The Psychology of Social Proof
Social Proof or Social Influence is a common psychological trait, where people follow the actions of others in order to make a decision. It is one of the many factors that go into a person’s decision making, especially when it comes to investing money. For instance, take the example of product reviews. Over 61% of customers tend to read online reviews before making a buying decision, and these reviews are 12 times more trusted than the descriptions that come from the manufacturers themselves.
Marketers use this psychological phenomenon to their advantage. And, quite effectively at that.
Types of Social Proof
Did you know that psychologist Edward Thorndike coined the phrase “halo effect” precisely for such human behaviour? We often make decisions based on our biased impression of someone else. In the medieval times, saints were depicted with a halo around their head, making them seem as though they were basking in heavenly light.
When we perceive someone in a positive light, we have a positive predisposition about everything they say. In today’s times, consumers award halos to different types of people. These then become trusted sources of information and advice.
Celebrities: An Instagram post or a tweet by a popular celebrity, endorsing a product, can influence millions of people. Companies pay celebrities huge amounts to leverage their star power to influence the consumer.
Experts: An industry expert’s view of a product or service makes a big impression on the consumer’s mind. This is most commonly seen with technology products and services, including cryptocurrencies. The blockchain industry thrives on thought leaders and crypto influencers to propagate the uses of a coin or innovation.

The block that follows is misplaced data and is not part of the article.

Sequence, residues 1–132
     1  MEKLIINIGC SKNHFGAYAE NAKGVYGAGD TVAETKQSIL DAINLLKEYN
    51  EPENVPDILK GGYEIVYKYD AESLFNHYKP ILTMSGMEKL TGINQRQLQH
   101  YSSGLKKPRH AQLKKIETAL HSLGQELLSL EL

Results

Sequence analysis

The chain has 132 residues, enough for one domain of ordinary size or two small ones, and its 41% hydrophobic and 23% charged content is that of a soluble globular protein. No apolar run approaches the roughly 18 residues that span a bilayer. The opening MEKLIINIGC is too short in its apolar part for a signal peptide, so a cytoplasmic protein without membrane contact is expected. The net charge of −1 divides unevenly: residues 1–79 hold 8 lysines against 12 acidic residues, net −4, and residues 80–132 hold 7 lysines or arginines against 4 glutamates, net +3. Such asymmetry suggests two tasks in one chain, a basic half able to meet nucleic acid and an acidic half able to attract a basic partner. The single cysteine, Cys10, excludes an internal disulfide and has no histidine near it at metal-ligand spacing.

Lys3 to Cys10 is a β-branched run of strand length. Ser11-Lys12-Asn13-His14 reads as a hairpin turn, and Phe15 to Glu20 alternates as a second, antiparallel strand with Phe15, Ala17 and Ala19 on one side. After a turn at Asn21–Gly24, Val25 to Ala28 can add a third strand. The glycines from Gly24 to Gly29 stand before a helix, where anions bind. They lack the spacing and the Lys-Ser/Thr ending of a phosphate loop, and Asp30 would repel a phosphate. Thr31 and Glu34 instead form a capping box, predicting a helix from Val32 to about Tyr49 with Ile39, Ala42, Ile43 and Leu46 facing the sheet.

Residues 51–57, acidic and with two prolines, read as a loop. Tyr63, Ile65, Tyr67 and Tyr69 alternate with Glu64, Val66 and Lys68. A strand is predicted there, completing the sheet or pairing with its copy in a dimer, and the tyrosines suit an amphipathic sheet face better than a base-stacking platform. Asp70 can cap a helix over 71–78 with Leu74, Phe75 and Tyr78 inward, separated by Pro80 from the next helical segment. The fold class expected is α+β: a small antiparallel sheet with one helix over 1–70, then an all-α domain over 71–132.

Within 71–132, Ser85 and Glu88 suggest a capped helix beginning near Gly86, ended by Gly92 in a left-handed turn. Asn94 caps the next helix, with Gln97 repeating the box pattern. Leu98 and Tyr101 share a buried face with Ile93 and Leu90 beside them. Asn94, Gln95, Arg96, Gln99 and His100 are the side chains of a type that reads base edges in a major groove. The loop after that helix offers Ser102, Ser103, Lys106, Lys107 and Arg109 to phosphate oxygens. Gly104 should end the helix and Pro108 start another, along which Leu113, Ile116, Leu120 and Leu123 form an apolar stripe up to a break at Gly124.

Wisdom of the Crowd: When a large group of people start buying a product, people start mimicking their behaviour. This is often referred to as “herd mentality” but it certainly is a powerful thing.
Friends and Family: Over 82% of Americans seek product recommendations from friends and family, before making a buying decision. This is why brands look towards building positive word-of-mouth through rewards and incentives. This has a snowballing effect, popularising their products.
Certification: Industry and quality standards are important for the manufacturing sector. In the US, FDA approval of drugs and food items is considered mandatory. Similarly, blockchain projects publicise their compliance with existing regulations.
There are different ways in which all these points are used by marketers to persuade people to buy products and services.
Common Marketing Tactics that Use the Psychology of Social Proof
Have you ever wondered why Facebook notifies you when someone you follow likes a particular story or post? They are using the concept of Social Proof to get you to like and comment on those posts too. As a business, it’s important to keep the psychology of Social Proof in mind so that your landing pages, blog content, social media posts, product pages and other channels get good conversion rates.
Here are some tactics commonly used by marketers.
1. Get Reviews on Important Sites